Going green is all the rage these days. Sometimes going green can save you money and other times you just have to think of it as helping to save the environment a little bit at a time, with no monetary savings. Solar panel prices are starting to come down and more consumers are considering installing them on their homes or in their yards. In addition, more businesses are getting into the solar business because of the government subsidies that can be obtained.
Keep in mind that solar energy requires the sun. So find out how many sunny days your area has each year. As with every product or service, comparison shop with several businesses to make sure you are getting the best deal.
BBB offers the following tips for those leasing, buying or installing solar panels themselves:
Talk to your energy (electric) company.
· Most utilities have net metering programs. Net metering measures the difference between what consumers pay for the energy purchased from their utility minus the cost of energy that the consumer provides to the utility collected through the solar panels.
· Make sure you meet all standards and codes that are applicable along with local, state/provincial and federal laws.
· Ask about the cost of installing a new meter.
Find out about federal and state/provincial tax credits.
· How much will you receive – for what amount of energy generated?
· Will you be taxed on these tax credits?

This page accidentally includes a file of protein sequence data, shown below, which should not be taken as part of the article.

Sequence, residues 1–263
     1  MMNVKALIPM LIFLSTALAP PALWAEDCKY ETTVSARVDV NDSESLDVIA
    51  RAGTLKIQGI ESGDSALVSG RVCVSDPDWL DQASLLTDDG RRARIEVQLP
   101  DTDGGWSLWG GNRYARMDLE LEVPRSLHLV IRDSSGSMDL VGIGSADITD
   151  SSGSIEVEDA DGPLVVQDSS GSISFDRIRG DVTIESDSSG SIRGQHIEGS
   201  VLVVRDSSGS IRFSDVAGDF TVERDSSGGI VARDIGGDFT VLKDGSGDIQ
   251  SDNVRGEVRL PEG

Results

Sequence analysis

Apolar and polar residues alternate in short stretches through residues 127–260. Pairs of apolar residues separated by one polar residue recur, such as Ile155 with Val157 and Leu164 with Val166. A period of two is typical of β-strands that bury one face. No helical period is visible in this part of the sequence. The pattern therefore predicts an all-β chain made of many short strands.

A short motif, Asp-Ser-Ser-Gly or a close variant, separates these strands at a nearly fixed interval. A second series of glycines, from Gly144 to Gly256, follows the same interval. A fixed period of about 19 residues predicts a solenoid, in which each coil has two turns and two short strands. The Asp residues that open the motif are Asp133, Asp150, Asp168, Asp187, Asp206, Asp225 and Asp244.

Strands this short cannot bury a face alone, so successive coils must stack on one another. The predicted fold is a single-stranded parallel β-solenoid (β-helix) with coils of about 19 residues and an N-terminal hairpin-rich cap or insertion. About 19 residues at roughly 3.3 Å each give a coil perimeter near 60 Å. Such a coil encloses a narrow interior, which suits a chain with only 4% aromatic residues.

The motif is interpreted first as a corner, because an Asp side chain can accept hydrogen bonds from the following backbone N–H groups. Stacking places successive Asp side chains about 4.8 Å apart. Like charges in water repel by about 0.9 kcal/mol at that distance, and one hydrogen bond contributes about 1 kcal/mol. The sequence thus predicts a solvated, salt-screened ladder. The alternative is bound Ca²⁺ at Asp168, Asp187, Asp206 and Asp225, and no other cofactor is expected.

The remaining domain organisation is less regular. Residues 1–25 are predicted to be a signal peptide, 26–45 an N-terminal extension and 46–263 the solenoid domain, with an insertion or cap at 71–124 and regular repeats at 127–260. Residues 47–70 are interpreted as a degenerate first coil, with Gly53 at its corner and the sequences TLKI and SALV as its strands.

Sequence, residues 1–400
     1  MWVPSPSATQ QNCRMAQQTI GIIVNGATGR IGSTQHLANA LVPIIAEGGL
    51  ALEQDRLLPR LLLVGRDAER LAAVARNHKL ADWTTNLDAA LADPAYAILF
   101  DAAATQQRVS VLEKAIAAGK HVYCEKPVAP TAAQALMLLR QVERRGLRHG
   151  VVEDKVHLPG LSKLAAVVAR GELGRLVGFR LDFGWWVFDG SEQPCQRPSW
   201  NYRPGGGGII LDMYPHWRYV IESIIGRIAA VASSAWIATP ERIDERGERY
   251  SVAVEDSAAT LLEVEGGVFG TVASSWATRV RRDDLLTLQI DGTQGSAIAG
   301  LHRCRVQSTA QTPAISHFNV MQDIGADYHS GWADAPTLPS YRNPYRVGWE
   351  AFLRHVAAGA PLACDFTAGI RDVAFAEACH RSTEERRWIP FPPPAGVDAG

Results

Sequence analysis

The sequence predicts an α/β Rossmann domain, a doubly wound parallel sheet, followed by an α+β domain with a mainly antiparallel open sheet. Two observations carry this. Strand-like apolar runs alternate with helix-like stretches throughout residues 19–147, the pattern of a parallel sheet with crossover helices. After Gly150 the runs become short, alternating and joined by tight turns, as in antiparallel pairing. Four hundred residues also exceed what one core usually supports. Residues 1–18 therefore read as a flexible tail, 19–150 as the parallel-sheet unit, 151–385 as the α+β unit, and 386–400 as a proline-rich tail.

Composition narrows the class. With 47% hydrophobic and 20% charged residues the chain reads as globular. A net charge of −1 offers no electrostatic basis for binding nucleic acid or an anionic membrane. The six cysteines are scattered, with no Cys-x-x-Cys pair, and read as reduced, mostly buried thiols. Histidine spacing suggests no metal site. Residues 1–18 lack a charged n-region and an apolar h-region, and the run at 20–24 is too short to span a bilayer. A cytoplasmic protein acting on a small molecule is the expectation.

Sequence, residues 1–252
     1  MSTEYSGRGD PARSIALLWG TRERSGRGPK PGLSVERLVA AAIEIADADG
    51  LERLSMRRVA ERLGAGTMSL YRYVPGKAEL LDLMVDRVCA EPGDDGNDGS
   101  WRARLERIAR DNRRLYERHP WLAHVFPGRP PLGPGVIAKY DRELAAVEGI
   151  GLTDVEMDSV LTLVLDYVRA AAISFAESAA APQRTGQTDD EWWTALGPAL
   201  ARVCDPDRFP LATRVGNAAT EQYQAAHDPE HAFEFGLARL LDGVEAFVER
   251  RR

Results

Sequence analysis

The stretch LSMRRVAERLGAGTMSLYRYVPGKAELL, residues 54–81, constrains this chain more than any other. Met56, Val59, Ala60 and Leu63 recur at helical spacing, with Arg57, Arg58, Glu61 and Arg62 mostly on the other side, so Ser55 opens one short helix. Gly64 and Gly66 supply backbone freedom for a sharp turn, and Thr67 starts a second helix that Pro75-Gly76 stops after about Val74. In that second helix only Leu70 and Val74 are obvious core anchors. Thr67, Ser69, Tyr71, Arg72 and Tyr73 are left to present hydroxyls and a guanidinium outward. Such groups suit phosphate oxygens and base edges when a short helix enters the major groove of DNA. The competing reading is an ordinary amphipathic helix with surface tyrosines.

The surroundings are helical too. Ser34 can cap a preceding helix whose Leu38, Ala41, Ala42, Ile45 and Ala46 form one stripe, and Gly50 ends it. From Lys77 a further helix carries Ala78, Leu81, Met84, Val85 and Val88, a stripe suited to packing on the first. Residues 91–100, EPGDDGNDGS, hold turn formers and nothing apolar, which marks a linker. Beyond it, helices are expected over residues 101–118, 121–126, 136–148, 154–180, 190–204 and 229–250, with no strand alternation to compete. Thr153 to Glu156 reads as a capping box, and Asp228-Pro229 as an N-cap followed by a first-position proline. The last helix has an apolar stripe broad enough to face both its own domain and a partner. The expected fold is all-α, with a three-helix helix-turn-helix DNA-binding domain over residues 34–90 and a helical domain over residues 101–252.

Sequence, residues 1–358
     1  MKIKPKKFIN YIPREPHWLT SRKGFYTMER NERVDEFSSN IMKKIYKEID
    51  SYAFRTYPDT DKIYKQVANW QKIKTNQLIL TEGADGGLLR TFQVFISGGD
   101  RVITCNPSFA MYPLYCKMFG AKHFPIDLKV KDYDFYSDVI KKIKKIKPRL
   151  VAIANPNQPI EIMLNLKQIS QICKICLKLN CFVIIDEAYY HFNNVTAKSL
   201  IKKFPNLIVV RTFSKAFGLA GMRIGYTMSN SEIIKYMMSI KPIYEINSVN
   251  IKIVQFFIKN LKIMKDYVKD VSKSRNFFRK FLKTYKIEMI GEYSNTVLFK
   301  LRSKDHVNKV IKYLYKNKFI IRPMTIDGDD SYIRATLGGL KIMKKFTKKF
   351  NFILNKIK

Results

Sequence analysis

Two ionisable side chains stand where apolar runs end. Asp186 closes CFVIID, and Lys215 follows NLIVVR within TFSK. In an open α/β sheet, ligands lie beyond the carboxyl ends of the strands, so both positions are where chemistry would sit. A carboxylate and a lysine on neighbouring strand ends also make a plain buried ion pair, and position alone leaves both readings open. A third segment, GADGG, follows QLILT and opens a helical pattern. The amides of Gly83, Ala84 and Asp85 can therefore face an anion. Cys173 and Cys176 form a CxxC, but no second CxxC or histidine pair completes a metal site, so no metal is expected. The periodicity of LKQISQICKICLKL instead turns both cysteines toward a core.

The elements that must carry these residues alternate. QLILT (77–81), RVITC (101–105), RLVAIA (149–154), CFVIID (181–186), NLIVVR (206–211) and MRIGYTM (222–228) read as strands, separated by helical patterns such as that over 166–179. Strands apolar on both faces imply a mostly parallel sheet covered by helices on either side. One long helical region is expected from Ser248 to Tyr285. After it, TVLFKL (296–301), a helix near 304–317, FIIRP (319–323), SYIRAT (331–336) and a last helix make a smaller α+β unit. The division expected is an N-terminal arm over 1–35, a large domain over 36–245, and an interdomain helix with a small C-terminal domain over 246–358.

· How long (months, years) will you receive tax credits?
· What do you have to do to receive the tax credits? Is there a filing date?
Choosing a business
· Check out the business with Better Business Bureau, bbb.org
· Will you be leasing or purchasing the solar panels? Compare costs – upfront versus long-term.
· Who receives the government (federal and state) benefits?
· Who pays for maintenance costs of the equipment?
· How long is the contract? 10, 15, 20 or 25 years?
· Is there a cancellation fee?
· If you move will the panels be moved for free? What if your new home will not accommodate the panels? Can you cancel?
· Consider location – on your house or in the yard?
· If the panels are located on your house, what happens if there is damage during installation – who pays to repair?
· If you have to have a new roof replaced (on average every 20 – 25 years) will the company remove and replace the panels for free or a cost?
· If the business promises a percentage savings from your current utility bill – what happens if that savings don’t materialize?
For more information, visit www.bbb.org/us/article/solar-panels–make-it-a-sunny-decision-41677.